Think-tank advocates imposition of slots limits and monthly deposit caps

Cross-party think-tank The Social Market Foundation has called for a ‘soft cap’ limit of £100 per month (or £23 per week) on net deposits to be applied to all customer spending to ensure that gambling activities do not amount to serious financial harm.

The recommendations form part of a wider report designed to be a roadmap of principles for the reform of gambling regulation and the industry, and comes ahead of the anticipated government review of the 2005 Gambling Act.

The report also advocates that stake limits should be set of between £1 and £5 for online slots, with non-slot content to have added restrictions imposed based upon games design with it accepted that “similar (stake) limits would make that content commercially non-viable”. 

Furthermore, the SMF has also proposed the introduction of a mandatory kitemark for all licensed operators, which would be given to any operator which has been granted a licence and abides by LCCP and would be clearly visible on site.  A call to end white label schemes has also been made.

A review of gambling taxation is also urged, recommending that remote gambling tax should be determined by a principle of minimum onshore ‘footprinting’ thresholds according to an operator’s capital, human, social, legal and digital presence in the UK

“We advocate a system of inbuilt incentives – most likely in the form of tax rebates on any future increased rates of Remote Gaming Duty and Betting Duty – for those companies which have established a sufficient threshold of their activities onshore,” the report states.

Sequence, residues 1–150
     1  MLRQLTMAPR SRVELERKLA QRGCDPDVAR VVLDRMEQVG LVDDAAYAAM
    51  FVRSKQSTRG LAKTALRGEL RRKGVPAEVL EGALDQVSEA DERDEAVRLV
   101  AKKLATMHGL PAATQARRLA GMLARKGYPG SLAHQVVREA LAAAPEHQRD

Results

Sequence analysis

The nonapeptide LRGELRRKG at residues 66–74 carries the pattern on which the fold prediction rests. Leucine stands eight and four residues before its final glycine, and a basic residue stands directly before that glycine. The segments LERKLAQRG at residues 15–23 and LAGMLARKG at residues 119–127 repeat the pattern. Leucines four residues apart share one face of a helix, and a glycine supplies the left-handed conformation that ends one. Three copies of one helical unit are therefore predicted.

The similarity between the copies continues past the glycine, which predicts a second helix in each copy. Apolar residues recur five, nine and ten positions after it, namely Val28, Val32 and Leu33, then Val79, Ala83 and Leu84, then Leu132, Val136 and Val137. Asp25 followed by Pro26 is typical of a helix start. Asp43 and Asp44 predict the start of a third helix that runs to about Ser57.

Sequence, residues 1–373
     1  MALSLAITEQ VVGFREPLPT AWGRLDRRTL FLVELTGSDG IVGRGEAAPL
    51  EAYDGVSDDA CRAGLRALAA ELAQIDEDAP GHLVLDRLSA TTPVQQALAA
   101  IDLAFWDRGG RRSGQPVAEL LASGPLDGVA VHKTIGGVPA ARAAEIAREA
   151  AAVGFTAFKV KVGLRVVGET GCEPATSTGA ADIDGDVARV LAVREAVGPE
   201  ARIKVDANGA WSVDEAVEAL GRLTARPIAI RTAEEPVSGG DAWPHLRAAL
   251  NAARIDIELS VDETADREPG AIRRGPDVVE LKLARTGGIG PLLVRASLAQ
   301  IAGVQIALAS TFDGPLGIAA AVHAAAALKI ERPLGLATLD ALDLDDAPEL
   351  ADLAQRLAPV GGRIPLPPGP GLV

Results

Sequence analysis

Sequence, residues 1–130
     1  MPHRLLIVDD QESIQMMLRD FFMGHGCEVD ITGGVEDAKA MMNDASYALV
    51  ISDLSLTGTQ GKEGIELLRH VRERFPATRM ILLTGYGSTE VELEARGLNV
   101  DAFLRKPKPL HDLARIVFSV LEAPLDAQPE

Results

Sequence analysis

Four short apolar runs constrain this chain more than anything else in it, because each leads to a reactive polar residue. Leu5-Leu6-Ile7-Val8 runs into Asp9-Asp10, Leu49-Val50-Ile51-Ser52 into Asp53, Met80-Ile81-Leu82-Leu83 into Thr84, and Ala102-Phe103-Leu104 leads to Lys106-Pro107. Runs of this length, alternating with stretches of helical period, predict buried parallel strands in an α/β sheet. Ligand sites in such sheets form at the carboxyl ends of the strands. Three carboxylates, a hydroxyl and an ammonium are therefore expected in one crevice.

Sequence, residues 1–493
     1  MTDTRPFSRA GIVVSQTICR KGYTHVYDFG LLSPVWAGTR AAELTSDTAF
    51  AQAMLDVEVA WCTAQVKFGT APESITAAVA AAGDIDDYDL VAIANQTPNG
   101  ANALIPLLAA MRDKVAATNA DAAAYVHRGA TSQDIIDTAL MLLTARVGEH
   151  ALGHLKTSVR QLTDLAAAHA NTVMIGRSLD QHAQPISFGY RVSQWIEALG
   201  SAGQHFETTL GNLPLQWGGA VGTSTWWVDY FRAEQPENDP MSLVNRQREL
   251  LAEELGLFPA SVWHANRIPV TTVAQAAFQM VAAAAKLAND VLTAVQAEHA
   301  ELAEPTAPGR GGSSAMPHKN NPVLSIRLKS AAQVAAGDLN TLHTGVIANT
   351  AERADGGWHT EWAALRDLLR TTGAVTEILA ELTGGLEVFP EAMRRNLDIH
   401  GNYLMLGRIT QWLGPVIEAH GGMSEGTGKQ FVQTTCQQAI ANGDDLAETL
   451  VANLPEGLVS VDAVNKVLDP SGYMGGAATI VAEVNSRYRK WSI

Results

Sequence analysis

Authored by James Noyes, a former adviser to the Labour MP Tom Watson, and Jake Shepherd, in its executive summary the SMF comments: We believe that when the government comes to review the 2005 Gambling Act, it needs to go further than a mere examination of loot boxes, stake limits and levies, and should use the review as an opportunity to interrogate the political, economic and cultural context of gambling in the 21st Century: a rapidly-evolving world of smartphones, social media, data analytics and offshore tax evasion. 

“This is what government ought to mean when it refers to bringing ‘an analogue act’ into line with ‘the digital age’. The forthcoming review requires a fundamental rethinking of the relationship between gambling and technological change – by this, we mean the relationship between machines, human behaviour and capital.”